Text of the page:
Studies show that dog owners are healthier than people without dogs. According to one, published in the epidemiology journal BMC Public Health, dog owners get an extra 22 minutes of physical activity a day. This means they clock in that 150 minutes of physical activity per week recommended for adults.
That's a lot of benefit from simply walking your dog; imagine what you could do if you took things to the next level. Seeing as the weather’s getting warmer we decided to help you do just that and scoured sports websites for workouts and activities you can do with your dog.
Here are our favourites:
Bikejoring is similar to canicross in a lot of ways. It is cycling while being pulled by your dog. The dog is wearing a harness that is attached to the main frame of your bike by a bungee line. The bungee line should be safely looped through a bikejoring attachment to avoid falling onto the wheel.
Just like canicross, bikejoring has gained a lot of popularity over the last few years and there are groups and events you can join.
If you're looking for bycicle insurance, check out our list of the 'Best bicycle insurance providers'.
Furthermore, Bought By Many has negotiated a 10% discount with Bikmo for members for our cycling insurance group. It’s free to join.
Cross country running with your dog is a really inexpensive and enjoyable way to get fit. Canicross is a mutual effort where the dog is wearing a harness that is attached to his or her human’s waist. The dog runs ahead, slightly pulling the owner and maintaining a constant distance.
It's a pretty good way to channel a dog’s natural desire to pull, into an exercise where that’s not only acceptable but is even desirable.
You will need to get a hands-free harshness for your dog with a waist belt for you. If your dog is not a natural at pulling, or has been trained not to, you might need to help it understand that it’s ok to pull while wearing a harness.
If your dog is over 12 months old and registered with the Kennel Club, you can even enter canicross competitions together.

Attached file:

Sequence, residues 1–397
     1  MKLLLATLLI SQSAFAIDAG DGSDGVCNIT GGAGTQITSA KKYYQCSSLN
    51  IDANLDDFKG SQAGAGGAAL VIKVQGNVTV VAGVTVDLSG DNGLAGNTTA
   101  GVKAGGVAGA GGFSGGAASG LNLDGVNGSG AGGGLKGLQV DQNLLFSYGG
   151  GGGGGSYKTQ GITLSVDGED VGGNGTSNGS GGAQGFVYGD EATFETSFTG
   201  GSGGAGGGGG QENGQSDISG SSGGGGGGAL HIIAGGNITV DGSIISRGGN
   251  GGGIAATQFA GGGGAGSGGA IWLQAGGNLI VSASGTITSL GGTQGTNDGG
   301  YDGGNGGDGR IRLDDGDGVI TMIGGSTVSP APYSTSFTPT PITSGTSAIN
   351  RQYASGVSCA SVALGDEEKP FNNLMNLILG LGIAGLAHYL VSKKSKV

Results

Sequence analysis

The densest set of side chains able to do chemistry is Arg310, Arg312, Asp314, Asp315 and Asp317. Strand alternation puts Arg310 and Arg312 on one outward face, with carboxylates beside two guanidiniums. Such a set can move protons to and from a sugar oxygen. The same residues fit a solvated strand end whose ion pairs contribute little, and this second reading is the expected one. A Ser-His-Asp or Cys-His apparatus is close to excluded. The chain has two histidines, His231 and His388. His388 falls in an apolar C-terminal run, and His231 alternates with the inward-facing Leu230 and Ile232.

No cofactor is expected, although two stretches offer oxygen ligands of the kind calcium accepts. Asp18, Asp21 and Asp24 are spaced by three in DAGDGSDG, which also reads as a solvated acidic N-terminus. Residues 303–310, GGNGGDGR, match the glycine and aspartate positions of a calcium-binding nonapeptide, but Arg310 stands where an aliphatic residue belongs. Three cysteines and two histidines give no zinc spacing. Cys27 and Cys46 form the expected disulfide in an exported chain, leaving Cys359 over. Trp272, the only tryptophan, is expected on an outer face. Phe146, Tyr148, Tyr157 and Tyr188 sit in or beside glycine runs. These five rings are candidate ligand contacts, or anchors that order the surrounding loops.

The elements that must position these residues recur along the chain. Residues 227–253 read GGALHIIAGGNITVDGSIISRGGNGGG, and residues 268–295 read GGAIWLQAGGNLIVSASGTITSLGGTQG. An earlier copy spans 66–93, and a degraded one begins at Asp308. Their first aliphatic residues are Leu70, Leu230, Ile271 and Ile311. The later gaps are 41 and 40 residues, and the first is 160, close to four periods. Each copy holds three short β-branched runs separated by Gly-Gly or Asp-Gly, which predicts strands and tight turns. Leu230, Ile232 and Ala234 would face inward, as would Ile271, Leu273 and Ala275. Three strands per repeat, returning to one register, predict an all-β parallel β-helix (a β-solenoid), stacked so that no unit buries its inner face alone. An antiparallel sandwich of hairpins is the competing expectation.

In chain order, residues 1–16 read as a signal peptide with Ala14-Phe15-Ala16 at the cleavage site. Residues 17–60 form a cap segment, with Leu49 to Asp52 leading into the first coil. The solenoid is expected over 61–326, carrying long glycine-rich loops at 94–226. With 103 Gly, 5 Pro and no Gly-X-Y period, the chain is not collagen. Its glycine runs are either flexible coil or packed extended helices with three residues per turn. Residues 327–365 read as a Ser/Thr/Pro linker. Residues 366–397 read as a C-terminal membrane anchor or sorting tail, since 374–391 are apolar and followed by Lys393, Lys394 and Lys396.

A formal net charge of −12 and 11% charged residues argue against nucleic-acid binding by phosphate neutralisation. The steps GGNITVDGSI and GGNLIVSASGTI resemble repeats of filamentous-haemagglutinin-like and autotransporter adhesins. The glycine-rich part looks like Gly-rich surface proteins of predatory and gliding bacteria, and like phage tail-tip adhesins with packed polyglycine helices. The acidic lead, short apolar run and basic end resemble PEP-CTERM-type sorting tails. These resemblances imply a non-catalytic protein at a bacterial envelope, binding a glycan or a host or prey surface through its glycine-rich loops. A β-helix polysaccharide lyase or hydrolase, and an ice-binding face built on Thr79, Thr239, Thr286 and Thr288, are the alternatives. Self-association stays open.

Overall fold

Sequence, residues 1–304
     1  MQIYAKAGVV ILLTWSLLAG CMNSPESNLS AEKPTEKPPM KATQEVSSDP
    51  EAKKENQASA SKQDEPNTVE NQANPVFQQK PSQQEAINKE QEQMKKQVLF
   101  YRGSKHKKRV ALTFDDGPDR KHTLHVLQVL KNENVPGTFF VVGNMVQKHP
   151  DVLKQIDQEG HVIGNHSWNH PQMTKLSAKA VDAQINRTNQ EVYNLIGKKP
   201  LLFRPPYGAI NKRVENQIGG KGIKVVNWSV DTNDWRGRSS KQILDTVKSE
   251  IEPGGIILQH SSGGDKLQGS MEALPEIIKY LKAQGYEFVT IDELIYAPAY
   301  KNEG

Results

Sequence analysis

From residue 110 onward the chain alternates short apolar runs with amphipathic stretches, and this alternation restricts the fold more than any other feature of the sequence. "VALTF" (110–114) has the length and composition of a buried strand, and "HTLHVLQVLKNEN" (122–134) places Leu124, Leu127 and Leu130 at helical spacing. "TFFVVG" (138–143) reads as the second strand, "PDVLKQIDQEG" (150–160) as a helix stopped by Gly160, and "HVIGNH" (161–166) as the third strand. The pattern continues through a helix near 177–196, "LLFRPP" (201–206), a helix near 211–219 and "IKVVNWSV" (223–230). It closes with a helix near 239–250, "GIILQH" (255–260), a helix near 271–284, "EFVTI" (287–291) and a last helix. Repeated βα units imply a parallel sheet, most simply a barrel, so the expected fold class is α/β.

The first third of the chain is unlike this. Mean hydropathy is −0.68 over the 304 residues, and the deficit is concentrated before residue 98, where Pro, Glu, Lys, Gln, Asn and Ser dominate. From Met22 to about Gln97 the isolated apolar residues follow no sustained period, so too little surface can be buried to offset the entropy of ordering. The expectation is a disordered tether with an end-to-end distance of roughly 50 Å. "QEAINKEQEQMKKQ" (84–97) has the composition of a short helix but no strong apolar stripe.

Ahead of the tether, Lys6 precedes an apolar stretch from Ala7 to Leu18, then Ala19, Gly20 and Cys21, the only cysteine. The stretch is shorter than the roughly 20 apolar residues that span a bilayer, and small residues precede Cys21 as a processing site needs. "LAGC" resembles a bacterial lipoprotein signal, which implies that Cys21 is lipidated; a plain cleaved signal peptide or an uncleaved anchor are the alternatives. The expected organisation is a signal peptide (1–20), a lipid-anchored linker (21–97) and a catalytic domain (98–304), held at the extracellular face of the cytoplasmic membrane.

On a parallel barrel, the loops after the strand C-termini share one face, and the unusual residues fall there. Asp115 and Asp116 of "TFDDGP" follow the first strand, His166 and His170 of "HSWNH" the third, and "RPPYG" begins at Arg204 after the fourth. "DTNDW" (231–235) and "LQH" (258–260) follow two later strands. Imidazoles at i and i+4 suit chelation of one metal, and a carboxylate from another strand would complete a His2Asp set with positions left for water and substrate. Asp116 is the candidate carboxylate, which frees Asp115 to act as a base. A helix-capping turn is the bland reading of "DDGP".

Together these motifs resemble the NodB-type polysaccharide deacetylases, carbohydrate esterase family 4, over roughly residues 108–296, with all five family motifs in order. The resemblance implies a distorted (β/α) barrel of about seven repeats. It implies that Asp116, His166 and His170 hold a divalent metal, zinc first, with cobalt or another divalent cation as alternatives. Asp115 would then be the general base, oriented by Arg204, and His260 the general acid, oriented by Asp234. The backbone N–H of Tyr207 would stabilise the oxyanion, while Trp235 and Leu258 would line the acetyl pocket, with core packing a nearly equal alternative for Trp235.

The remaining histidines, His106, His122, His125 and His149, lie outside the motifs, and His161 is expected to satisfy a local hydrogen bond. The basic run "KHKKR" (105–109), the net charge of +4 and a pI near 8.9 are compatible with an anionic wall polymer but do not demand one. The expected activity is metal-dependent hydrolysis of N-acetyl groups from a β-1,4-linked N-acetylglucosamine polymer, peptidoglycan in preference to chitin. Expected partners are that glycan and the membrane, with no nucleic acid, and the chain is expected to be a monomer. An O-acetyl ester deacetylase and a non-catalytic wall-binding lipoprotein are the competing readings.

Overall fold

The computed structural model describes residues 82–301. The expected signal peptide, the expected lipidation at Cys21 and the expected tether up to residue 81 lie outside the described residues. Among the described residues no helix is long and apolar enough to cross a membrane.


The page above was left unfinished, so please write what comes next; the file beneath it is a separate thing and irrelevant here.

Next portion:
It’s yoga with dogs! This is a great option for those in need of quiet exercise that promotes physical and mental health. It helps owners bond with their dogs while improving their muscle tonus and flexibility and relieving stress.
In spite of some criticism, doga isn’t about making dogs meditate or do yoga poses, rather it is a workout that helps you spend time together and bond. Your dog will essentially be a companion who is in the room with you but doesn’t have to hit the matt with you.
As you get calmer your dog is likely to follow suit and join you and lie on the matt next to you. You can also incorporate holding your dog into some positions or let it lie on your stomach when you’re on your back.
Expert doga classes are now available in many yoga studios. A quick google search can help you find the nearest one to you.
This one is more for the dog than for you, but that does not mean that owners and handlers don’t get to exercise. Flyball is a competitive dog sport where two teams of four dogs compete in parallel lanes, simultaneously.
Each dog clears four hurdles, then triggers a pedal on what’s called the FlyBox. A tennis ball is released. The dog needs to catch it and make its way back to the start line so that the next dog can go.
Humans help the dogs start their runs, guiding them and making sure the next dog gets to start only after the dog before it has finished its run and crossed the finish line.
The winning team is the first one to finish all their runs successfully. As with canicross and bikejoring, there are many events and competitions you and your canine friend can join.
Swimming with your dog can be a lot of fun for both of you. Make sure your dog is a good swimmer beforehand, not all dogs are. If your dog has shorter legs or is smaller you might want to watch it closely. If you decide to swim in the sea or the ocean, make sure there is no bad current.
Most public pools don’t allow dogs, but a lot of them organise sessions for dog owners and their pets only. Holiday cottages increasingly cater to dog owners. Perhaps getting one with a pool on your next holiday could start off your canine-inspired water adventures!
For extra safety, you might like to get your dog a life jacket, which will help it stay afloat even if it gets tired.
If your dog has never swam before, ease into it. Make sure the water’s the right temperature, you don’t want it to get too cold and watch it closely to evaluate its swimming skills.
Whichever sport you go for, always make sure your dog is healthy enough to participate in an activity beforehand. If you’re in doubt, it’s best to consult your vet before you embark upon your shared sports adventures together.
Other than that, enjoy getting healthier and fitter together! We’d also love to hear about your favourite way to exercise with your dog, just drop us a line on Facebook to tell us (or show us).